As to why OUP would do this, I think there are a couple of legal benefits for authors that OUP hopes to avoid having their contributors enjoy. One would be the termination right, which allows an author or other creator to terminate a transfer of copyright after thirty-five years, regardless of the terms of the original contract. This right, while it may seem obscure, has recently gotten attention as the legal window through which composers and performers of profitable music from the late 1970′s has just opened. The one way to prevent an author from terminating a transfer of rights is to own the work as a work for hire, so that no transfer was ever required. I suspect some legal beagle at OUP saw the controversies over music and thought this might be a good idea. It is not.
The other thing that having these contributions classified as work for hire would prevent would be prior licenses. As more faculties adopt open access policies, which usually take the form of a prior license to the institution for repository deposit, the possibility arises of an eventual contest between a prior license contained in such a policy and a later transfer of the copyright through a publication contract. OUP may be test-driving an idea for avoiding that situation — if the faculty author is classified as a non-author by the work for hire doctrine, they would be unable to grant any prior licenses, since they never held any rights.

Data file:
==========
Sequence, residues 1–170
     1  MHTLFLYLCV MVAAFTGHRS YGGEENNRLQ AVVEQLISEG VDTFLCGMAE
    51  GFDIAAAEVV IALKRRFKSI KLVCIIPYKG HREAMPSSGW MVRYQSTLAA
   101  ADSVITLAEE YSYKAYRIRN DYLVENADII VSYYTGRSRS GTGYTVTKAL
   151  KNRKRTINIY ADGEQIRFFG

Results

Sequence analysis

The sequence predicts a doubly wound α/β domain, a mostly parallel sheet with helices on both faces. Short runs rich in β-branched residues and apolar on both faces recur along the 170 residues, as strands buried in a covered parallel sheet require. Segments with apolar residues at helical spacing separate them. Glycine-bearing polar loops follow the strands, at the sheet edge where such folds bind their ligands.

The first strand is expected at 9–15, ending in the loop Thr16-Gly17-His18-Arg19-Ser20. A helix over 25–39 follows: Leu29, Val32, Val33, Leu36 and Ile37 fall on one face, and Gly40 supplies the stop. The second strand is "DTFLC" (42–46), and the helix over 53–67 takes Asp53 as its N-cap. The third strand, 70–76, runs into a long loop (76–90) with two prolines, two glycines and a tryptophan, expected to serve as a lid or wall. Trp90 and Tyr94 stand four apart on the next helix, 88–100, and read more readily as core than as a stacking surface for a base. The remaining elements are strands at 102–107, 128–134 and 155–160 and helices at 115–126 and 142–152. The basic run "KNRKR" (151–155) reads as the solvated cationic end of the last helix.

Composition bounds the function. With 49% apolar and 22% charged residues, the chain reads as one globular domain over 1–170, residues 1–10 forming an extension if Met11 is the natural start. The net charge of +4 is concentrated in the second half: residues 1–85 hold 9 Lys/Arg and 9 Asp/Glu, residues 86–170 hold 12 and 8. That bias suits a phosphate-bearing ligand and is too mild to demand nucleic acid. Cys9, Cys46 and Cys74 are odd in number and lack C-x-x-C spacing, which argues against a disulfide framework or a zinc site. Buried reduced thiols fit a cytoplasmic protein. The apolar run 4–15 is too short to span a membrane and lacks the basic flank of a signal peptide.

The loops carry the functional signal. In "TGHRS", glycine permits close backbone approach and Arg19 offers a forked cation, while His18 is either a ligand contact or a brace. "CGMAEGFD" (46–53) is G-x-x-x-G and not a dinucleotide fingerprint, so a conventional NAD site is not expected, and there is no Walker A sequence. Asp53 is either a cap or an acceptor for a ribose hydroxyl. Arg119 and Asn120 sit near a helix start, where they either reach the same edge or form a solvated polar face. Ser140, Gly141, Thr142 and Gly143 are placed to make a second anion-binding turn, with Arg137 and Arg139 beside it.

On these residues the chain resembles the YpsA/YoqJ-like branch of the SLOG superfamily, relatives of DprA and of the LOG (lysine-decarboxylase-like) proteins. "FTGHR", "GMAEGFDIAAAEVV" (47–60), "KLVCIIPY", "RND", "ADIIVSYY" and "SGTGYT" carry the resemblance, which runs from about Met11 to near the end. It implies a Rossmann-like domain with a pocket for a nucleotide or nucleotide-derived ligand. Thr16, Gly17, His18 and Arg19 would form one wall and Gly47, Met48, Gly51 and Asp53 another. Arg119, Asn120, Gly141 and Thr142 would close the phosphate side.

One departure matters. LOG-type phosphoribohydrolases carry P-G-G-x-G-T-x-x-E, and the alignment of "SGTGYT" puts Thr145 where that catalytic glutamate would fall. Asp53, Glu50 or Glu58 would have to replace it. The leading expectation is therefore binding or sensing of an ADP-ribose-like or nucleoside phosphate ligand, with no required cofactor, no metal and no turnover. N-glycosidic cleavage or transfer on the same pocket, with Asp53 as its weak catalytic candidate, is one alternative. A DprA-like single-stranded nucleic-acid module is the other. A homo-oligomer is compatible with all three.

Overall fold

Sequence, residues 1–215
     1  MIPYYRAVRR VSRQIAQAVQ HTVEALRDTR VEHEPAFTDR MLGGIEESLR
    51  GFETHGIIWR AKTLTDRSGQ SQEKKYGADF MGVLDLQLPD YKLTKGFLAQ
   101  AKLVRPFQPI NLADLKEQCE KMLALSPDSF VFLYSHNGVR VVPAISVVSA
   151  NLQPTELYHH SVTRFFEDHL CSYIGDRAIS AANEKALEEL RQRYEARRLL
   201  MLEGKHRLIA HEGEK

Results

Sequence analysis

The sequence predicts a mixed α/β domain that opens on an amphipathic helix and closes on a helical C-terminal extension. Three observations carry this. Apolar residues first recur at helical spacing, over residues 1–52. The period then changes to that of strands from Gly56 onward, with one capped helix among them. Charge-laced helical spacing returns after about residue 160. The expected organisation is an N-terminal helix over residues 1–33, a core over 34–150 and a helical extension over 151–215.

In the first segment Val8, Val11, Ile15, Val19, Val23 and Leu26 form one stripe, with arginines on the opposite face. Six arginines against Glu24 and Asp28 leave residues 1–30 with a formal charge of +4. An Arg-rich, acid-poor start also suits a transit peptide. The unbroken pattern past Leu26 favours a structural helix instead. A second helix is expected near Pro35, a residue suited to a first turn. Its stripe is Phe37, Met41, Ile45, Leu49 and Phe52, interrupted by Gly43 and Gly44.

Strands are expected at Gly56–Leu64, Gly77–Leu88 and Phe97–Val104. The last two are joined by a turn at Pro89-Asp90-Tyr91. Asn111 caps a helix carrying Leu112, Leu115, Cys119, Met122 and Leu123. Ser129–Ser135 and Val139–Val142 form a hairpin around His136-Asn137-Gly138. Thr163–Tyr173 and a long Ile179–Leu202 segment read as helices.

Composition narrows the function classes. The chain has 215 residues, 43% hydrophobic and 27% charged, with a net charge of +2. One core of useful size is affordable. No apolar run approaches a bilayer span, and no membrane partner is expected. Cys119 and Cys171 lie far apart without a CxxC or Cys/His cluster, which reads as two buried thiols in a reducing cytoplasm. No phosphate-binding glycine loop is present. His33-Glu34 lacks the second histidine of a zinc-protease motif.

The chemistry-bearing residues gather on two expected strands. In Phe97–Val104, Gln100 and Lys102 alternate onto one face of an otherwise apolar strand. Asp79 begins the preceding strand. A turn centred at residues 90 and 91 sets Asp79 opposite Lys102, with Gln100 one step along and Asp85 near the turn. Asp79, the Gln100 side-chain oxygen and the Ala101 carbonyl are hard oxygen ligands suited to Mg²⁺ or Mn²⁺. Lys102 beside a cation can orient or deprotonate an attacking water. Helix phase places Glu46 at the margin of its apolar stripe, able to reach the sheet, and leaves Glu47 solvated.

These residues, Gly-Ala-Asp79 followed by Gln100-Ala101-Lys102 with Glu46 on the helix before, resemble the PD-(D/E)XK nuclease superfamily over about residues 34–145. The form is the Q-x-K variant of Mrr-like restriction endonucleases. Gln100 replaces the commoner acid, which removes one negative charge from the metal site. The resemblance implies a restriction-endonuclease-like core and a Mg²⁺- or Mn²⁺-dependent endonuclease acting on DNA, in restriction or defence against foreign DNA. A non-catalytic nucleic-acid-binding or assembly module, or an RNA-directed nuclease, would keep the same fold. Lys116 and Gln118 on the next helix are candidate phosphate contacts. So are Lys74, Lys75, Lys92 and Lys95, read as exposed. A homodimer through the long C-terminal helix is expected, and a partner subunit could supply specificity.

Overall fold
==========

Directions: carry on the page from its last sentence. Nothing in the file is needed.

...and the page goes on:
So why do I think this move is stupid, and doomed to fail? Three reasons.
First, nothing is more surely designed to make faculty authors angry than to tell them they are not the authors of the scholarship they offer to publishers. As a group, faculty authors have been pretty docile toward publishers for a long time, but foolish and tone-deaf moves by publishers have begun to stir faculty anger toward presses they once considered friends and colleagues. If a claim like this, which denies the fundamental dignity of authorship to scholars, becomes widespread, that slow rebellion will speed up very quickly.